U.S. national security adviser Jake Sullivan on Monday raised concerns about China’s alignment with Russia in a seven-hour meeting with Chinese diplomat Yang Jiechi as Washington warned of the isolation and penalties Beijing will face if it helps Moscow in its invasion of Ukraine.
The meeting took place in Rome as Washington told allies in NATO and several Asian countries that China had signaled its willingness to provide military and economic aid to Russia to support its war, two U.S. officials said.
The U.S. message, sent in a diplomatic cable, also noted China was expected to deny those plans, said one of the officials, speaking on condition of anonymity.
“It’s real, it’s consequential, and it’s really alarming,” the second U.S. official said, although the U.S. government offered no public evidence to back its assertions of China’s willingness to provide such aid to Russia.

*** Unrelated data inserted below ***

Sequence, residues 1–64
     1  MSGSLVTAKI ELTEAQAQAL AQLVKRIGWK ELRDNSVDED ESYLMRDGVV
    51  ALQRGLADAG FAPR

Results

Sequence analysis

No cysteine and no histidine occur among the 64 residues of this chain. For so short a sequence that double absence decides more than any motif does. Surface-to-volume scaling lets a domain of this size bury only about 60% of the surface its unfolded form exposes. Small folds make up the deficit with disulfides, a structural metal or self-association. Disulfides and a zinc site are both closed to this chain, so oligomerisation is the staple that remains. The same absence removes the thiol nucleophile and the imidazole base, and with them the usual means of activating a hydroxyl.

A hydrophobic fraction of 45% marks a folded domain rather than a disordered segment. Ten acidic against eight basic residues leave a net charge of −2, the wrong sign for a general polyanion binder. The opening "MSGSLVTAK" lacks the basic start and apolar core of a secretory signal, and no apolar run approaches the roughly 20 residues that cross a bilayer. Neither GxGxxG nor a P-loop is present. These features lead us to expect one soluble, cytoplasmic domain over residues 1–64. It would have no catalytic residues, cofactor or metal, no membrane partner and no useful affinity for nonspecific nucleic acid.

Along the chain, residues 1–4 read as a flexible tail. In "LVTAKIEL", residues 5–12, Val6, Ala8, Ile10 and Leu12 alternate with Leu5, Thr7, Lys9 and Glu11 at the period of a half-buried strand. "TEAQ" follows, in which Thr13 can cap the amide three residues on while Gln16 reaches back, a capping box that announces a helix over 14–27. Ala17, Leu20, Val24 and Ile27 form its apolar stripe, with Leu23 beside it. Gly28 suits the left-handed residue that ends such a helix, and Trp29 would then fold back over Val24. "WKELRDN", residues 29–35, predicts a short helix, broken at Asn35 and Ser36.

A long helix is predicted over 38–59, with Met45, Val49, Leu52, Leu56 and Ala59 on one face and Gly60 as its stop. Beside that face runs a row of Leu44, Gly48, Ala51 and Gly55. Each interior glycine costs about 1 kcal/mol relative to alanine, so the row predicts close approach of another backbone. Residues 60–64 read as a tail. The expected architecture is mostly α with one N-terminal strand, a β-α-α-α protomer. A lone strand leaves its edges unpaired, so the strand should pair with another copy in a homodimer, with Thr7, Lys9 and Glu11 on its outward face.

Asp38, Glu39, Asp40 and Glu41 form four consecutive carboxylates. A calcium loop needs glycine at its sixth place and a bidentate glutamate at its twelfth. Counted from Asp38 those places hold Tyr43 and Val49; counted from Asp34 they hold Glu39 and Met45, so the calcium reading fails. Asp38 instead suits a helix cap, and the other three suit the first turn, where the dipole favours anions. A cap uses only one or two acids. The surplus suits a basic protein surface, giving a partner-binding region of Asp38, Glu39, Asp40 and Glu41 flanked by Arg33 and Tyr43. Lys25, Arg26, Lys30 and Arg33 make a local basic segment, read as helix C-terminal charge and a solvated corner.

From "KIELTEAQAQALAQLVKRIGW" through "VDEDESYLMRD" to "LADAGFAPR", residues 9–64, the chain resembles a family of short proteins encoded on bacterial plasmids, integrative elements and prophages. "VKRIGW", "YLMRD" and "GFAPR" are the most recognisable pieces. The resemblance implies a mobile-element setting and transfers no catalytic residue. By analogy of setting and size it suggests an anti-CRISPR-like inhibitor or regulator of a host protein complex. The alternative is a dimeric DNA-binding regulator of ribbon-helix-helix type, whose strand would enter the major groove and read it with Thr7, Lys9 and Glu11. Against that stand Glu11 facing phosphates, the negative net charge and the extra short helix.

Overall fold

After talks ended, the White House issued a short statement, saying Sullivan raised a “range of issues in U.S.-China relations, with substantial discussion of Russia’s war against Ukraine.”
“We have deep concerns about China’s alignment with Russia at this time, and the national security adviser was direct about those concerns and the potential implications and consequences of certain actions,” a senior administration official told reporters.
Sullivan described to Yang “the unity of the United States and its allies and partners … in bringing costs on Russia for its actions,” this official added.